Wednesday, August 30, 2006

The Great Agent Safari

Lately, I go to the mailbox with trepidation. On July 30 I sent out ten queries/partials to agents. It's actually more difficult to get an agent than an editor, even if you've been published before. If only being published ended the rejection, but it doesn't. Monday and Tuesday I received one rejection. They were polite, but a rejection nonetheless with no specifics except no enthusiasm, and then wished me well. If only the 8 Ball would be right!

Apparently, some people are clueless. For example, on in answer to the question What Do I Do After An Agent Asks To See My Manuscript? someone replied:

"First, call them. Try to sound confident. Ask a few questions about
their business, such as: Who are their current clients? What do they consider
their strengths? What do they think makes their agency special? etc. Now it's
time to talk about you. Tell him/her what you have had published (magazine
articles for example) or contests you have won, ask what questions he/she would
like to ask you. These phone calls will give you a sense of who you feel
comfortable with and who you think will provide you with the best deal. Take
notes for your final evaluation.

Second, send your manuscript to the
agency you have decided is best suited to you.

Third, send notes to
those you did not choose and tell them that your manuscript is out to an agency
but you would like to remain in touch with them. Be honest, but leave the door
open for further consideration. Remember, the agency you chose might not choose

This proves you shouldn't believe everything you read on the internet.

Then, there's the person who placed an ad in PW:

"Category: Seeking Agency
Headline: Wanted: Literary

Body: To examine a rare 107,000 word Self-Help manuscript
introducing a flowing patented reading format. Also, the Agency would manage the
licensing of the reading format. Selected Publisher should be flexible in
typesetting and speedy in publication."

If only it were that simple. Wonder how much money he/she wasted.

Just this week Miss Snark ( posted about things in her slush pile that were a miss with her.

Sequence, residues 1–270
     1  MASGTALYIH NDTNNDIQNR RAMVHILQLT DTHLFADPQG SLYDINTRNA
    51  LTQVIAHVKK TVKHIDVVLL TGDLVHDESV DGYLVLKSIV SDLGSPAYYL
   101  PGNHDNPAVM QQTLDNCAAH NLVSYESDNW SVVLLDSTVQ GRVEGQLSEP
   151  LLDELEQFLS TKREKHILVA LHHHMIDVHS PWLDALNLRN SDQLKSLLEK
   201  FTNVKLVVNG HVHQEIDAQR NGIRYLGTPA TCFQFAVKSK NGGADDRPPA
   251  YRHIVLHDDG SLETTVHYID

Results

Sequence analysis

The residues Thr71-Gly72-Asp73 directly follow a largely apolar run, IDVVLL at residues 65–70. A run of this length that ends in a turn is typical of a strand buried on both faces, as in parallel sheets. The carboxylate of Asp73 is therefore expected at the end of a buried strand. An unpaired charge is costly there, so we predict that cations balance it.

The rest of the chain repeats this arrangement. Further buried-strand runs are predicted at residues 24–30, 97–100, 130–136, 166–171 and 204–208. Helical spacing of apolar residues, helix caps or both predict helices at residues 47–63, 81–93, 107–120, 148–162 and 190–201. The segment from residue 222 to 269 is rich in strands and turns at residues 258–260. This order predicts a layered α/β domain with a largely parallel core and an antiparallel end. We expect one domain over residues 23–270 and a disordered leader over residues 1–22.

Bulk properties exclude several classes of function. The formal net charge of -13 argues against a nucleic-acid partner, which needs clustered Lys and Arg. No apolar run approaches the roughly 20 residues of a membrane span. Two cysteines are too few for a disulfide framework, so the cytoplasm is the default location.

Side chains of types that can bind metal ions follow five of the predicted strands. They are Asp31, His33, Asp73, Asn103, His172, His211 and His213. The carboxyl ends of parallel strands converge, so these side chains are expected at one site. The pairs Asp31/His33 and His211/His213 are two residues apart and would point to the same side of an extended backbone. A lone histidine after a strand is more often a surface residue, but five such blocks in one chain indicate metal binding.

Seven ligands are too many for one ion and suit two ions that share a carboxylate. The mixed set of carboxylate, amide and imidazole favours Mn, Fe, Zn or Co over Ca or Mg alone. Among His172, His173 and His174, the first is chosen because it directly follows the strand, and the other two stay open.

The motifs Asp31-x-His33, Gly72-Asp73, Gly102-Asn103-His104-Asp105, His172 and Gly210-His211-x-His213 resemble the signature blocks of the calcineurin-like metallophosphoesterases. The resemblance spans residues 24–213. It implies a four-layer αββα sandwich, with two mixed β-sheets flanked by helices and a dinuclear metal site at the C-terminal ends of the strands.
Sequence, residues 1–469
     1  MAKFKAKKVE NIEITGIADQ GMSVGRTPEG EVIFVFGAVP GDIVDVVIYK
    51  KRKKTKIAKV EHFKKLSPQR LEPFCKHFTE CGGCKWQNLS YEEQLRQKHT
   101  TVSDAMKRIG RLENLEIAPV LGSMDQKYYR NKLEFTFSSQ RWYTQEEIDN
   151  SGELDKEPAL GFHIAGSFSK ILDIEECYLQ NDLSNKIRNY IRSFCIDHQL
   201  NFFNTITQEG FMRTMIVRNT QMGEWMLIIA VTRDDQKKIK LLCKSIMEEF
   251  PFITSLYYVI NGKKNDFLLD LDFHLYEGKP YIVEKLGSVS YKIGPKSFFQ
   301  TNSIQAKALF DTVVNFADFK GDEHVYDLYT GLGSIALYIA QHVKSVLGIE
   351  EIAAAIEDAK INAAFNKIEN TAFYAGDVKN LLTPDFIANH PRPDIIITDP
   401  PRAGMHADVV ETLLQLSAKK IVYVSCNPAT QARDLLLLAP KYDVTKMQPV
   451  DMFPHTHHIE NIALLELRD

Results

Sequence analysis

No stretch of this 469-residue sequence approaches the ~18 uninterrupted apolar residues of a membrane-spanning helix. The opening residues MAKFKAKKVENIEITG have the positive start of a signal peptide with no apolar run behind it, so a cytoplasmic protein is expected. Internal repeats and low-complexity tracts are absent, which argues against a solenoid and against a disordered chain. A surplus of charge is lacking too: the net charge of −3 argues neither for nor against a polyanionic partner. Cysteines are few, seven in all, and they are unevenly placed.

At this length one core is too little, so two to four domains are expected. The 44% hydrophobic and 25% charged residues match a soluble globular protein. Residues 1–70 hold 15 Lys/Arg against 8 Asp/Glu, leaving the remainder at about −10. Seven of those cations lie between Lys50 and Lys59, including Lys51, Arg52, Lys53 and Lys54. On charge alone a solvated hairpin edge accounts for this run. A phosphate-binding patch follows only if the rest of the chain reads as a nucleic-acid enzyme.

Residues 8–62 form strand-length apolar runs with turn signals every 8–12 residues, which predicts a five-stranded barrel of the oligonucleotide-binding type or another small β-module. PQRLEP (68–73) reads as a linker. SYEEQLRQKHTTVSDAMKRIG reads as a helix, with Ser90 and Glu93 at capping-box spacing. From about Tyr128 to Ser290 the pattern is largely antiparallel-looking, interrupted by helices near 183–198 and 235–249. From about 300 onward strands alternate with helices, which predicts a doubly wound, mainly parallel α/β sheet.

Over on Evil Editor's blog ( someone talked about an online auction system for query letters and proposals. That might make it easier for a writer, but an agent doesn't have to beat the bushes for clients.

So, how do you get an agent's attention? The positive kind of attention, that is.

1. Do a bit of research. Make sure the agent is reputable. Handles your type of book. Is open to unsolicited submissions. Approach in the way the agent wishes. (If they don't accept email submissions, don't send an email.)

2. Get their name and gender right.

3. Query with a good story.

4. Send what the agent wants. If she/he wants three chapters, don't send 100 pages. (Footnote: Miss Snark says send five pages even if they only want a query letter.)

5. An error free submission.

6. Make sure your spam filter doesn't require them to fill out a form to contact you. At least one agent doesn't bother.

7. Include a self-addressed, stamped-envelope (SASE). Without it, some agents don't bother responding. You never know if that response may be a request for the full manuscript.

But to quote Miss Snark, Writing trumps all.

Have you found something that worked well? Any additional advice?


Carla Swafford said...

From the different articles and blogs I've read lately, it all boils down to your writing and politeness.

Don't tell the agent how great your book is, she/he can find out when he/she reads those five or more pages.

And never threaten an agent. "If you don't represent my book, you'll be sorry!"

You have to hit that relaxed formal way of introducing yourself. Write your query as if she is someone you would like to get to know. (So true.)

Without bragging, let her know that you know your market and where your manuscript will fit.

Politeness can get your foot in the door, and your writing will get you seated at the table.

Deborah Matthews said...

Good points, Carla. I've heard agents and editors say don't tell them how funny, emotional, etc., your book is. They go into it needing proof and usually it doesn't deliver.

jennifer echols said...

2. Get their name and gender right.

I second this. Very important. My agent, Nephele Tempest, says she often receives submissions addressed to "Mr. Tempest," and this does not put her in a happy mood when she starts reading.